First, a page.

Document Type : Original Article
Zoology Department, Faculty of Science, Tanta University, Tanta, Egypt
Animal and Poultry Physiology Department, Animal and Poultry Production Division, Desert Research Center, Mataria, Cairo, Egypt.
Camel Research Department, Animal Production Research Institute, Dokki, Giza, Egypt.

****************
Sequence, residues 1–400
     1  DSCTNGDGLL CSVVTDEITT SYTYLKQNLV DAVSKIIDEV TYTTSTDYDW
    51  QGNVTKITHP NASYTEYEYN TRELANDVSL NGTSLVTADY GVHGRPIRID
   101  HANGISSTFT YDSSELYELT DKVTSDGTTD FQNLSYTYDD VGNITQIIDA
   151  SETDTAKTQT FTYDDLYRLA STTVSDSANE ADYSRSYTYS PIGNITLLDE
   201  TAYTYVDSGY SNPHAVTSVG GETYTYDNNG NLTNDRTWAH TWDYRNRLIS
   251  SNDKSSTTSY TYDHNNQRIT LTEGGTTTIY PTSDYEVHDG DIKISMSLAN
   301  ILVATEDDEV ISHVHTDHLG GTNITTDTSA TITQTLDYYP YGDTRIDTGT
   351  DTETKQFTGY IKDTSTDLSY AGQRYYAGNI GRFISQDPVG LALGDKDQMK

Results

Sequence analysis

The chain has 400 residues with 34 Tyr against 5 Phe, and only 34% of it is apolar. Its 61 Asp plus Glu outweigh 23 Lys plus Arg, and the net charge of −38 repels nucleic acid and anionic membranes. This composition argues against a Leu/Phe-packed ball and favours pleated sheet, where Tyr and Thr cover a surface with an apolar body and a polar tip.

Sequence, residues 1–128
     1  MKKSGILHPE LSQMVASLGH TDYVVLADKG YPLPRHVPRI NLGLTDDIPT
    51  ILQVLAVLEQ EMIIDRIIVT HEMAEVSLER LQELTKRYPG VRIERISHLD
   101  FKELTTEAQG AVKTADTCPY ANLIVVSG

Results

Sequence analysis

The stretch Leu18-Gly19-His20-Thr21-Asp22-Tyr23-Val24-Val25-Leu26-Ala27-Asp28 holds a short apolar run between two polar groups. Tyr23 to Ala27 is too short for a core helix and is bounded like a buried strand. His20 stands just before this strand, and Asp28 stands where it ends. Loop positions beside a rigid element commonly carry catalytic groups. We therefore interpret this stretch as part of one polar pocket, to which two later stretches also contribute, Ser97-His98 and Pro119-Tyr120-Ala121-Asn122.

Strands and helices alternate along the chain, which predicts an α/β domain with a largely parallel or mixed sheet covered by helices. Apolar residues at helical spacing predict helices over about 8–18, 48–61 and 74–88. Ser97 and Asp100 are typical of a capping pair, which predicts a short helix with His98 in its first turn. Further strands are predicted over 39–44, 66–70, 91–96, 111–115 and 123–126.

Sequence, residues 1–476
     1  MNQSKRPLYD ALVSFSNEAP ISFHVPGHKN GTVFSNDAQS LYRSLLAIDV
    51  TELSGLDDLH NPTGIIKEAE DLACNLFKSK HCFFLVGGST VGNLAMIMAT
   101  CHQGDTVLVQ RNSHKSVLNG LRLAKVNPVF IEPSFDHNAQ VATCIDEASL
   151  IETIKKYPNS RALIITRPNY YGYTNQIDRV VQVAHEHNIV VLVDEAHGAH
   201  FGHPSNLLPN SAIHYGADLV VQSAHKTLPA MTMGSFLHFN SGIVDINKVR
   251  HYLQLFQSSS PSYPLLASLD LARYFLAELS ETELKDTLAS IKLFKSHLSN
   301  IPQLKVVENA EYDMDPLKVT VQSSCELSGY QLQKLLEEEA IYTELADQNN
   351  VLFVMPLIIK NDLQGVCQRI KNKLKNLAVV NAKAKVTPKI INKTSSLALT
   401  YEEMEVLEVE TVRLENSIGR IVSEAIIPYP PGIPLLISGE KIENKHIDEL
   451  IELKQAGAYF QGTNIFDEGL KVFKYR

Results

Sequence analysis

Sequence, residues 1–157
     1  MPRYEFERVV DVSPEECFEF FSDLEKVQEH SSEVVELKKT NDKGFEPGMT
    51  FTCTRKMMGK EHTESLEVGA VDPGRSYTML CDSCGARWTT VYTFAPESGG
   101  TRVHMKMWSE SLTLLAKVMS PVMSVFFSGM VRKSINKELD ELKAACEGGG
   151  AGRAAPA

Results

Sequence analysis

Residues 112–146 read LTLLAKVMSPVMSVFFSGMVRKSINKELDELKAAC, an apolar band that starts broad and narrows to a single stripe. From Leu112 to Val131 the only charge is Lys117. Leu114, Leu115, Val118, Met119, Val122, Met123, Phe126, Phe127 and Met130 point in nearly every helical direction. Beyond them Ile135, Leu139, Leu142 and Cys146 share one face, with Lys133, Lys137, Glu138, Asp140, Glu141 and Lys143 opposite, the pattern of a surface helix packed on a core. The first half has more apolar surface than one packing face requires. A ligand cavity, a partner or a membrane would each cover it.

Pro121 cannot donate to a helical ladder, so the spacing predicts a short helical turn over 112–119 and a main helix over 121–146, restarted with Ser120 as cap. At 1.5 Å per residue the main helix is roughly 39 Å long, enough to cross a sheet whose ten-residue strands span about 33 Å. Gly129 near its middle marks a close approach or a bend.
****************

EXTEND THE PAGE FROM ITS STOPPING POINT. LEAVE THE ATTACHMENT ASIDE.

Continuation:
Background: Camel (Camelus dromedarius) is a vital animal to the daily life of the desert as a source of food and transportation, its milk is used as medicine for diverse ailments. Aim: This study was planned to evaluate the effect of two different feeding systems (farming and pastoral systems) on physiological and immunological indices of one-humped dromedary she-camels during different physiological stages. Material and methods: Forty female camels under farm and grazing systems were used from the Camel Experimental Flock in Matrouh (farming system) and Bedouin flock in a grazing unit in the same area (pastoral system). Blood samples were collected during different physiological stages to determine the desired parameters. Results: It was revealed that lymphocytes significantly increased in grazing camels as compared to farm ones. Leukocytes significantly increased in post-partum and lactation than other camels. The number of RBCs increased significantly in pregnant and lactating than other camels. Albumin increased significantly in pregnant and lactating camels and decreased in dry and post-partum. Results showed a significant increase in blood lipids including total lipids, phospholipids, triglycerides, total cholesterol, and low-density lipoproteins in farm camels compared to grazing ones. Lactating and pregnant camels showed a significant increase in cholesterol compared to dry and post-partum. In lactating camels, insulin significantly increased compared to other groups. But, cortisol significantly increased in post-partum camels. Conclusion: Farm camels show better physiological and immunological profiles than grazing ones reflect the importance of supplementary feeding especially during pregnancy and lactation.